4 points
  12. Hi at all I returned from my vacation, I made more comparatives pictures which the Legato kits Avia B35 (in grey )and the Zip Modelist (sand color), I find that there last was not so good molding that the Legato Kits, and is more basic (no photo ech, no decals) but I precise that the Zip modelist has officialy bought on ebay for a few years, also I built my avia B135, I molded this one from the Zip modelist Kit, here the pics and the thread from my AVIA B 135 built progress Avia B 135 THE AVIA B 35 FIRST THE LEGATO KITS IN GREY
    3 points
  13. So ... I take it you're not new at this then ... ?
    3 points
  14. Nic C.D.

    EAV-8B Harrier II Plus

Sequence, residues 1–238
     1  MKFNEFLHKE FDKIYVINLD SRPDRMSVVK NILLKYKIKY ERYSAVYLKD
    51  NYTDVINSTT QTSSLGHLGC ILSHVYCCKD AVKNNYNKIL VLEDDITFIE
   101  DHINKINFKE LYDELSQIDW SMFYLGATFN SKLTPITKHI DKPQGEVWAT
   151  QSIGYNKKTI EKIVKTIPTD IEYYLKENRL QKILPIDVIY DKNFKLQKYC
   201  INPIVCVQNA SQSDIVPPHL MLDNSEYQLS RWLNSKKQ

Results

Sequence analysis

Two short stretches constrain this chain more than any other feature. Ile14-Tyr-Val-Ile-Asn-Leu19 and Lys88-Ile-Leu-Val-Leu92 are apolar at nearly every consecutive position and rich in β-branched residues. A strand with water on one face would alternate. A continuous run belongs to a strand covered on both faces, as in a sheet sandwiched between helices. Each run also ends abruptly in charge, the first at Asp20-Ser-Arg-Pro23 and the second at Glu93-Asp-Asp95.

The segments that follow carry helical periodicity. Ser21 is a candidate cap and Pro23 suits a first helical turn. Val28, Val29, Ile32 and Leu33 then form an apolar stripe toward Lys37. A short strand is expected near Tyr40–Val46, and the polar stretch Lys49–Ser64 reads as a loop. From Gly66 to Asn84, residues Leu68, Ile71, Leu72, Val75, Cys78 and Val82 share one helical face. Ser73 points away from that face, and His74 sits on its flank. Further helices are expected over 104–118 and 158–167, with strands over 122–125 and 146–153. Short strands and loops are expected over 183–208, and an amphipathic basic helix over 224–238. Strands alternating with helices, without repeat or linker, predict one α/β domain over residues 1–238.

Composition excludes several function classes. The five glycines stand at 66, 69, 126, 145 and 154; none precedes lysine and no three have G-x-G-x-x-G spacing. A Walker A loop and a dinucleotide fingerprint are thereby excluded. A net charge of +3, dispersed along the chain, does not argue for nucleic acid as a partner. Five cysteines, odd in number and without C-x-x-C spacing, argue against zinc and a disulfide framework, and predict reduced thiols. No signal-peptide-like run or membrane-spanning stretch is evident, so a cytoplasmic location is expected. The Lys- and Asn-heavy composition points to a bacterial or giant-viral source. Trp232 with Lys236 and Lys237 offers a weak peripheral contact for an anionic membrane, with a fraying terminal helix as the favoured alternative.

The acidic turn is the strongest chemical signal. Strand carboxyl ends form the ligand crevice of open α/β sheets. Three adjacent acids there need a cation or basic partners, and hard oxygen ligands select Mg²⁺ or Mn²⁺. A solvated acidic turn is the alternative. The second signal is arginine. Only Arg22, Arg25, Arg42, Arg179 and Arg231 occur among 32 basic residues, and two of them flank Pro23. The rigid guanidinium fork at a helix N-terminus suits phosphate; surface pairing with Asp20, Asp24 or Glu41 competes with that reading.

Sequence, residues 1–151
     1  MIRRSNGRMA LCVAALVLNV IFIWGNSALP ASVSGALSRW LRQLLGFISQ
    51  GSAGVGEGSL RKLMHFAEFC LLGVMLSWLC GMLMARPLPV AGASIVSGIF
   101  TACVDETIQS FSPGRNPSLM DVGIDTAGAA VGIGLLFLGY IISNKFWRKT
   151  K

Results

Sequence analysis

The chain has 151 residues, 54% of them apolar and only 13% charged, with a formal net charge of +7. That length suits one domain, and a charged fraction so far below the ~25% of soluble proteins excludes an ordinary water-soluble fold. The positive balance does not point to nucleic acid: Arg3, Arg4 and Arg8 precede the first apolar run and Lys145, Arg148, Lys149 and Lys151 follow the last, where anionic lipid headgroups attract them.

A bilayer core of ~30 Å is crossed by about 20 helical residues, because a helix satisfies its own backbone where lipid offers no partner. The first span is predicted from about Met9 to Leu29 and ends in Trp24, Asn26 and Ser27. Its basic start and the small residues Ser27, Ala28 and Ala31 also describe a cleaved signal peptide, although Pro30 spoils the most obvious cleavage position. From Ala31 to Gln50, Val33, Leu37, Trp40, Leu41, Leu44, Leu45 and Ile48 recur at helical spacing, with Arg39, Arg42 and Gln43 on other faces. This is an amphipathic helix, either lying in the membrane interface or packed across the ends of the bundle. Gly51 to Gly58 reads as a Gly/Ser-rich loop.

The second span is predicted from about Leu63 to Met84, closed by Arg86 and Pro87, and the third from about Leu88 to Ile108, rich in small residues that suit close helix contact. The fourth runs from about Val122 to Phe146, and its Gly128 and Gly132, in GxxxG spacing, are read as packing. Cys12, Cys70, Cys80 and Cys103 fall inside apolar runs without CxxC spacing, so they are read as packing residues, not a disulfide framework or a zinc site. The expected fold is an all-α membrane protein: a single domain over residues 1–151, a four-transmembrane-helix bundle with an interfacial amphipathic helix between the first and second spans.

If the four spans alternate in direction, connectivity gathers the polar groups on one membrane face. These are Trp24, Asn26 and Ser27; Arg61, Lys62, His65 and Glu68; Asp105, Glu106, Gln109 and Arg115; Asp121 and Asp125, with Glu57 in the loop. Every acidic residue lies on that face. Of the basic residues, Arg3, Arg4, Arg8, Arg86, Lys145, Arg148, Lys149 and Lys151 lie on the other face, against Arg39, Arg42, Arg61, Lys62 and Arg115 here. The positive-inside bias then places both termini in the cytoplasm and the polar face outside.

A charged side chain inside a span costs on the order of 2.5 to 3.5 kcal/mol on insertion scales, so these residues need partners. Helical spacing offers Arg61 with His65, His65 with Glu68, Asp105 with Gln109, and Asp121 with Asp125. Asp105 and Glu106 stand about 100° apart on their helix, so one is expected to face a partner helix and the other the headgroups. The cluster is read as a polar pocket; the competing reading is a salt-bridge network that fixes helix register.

Another little bit of progress, albeit slow... I've started to do the rivets on the wing, aft fuselage and vertical tail. Still a lot more to do, but hey, it's an update, right? The rivets that aren't deep enough after sanding, are done again one by one. The wing isn't glued to the fuselage yet, neither are the trailing edge flaps. First set of rivets on the vertical tail. Still struggling what to do with the rudder though... I don't like the two connecting points so clearly visible. Have to think about that. The added tube needs a bit of cleaning up too and the panel line behind it fixed. I bought some Master AOA probes. Those look good! Next in this area are the details on the inside of the nose, since I'm building it with the radar visible. And again; some more details like the yaw vane, which is way too thick in the kit have to be added. The area behind the cockpit needs to be detailed too, especially since in the diorama, the canopy will be on a cradle next to the jet. So, I scratched the inside of the ducts. Now I have to add the details on the top side . Gonna be fun! I still have to do some work before I can fix the wing to the fuselage (water reservoir on the wing and the area of the outer riggers), but then I get started on the air intakes and scratching the open in-flight refuelling robe. Very motivated to do that, since it'll be an area of interest. Lot of detail possible there! And I'll have to scratch the homing antennas on the sides of the air intakes in front of the forward nozzle fairing. I noticed that the leading edge of the inner wing pylon got a bit damaged, so I'll have to see to that. Still have to add some detail in the open pylon panel too! I will add the drop tanks, but I'll place them on the mid-wing pylons, that way, you can see more of the fuselage and nozzles. This kit is taking quite a bit of time, but it starts to look like something. Till the next update! Nic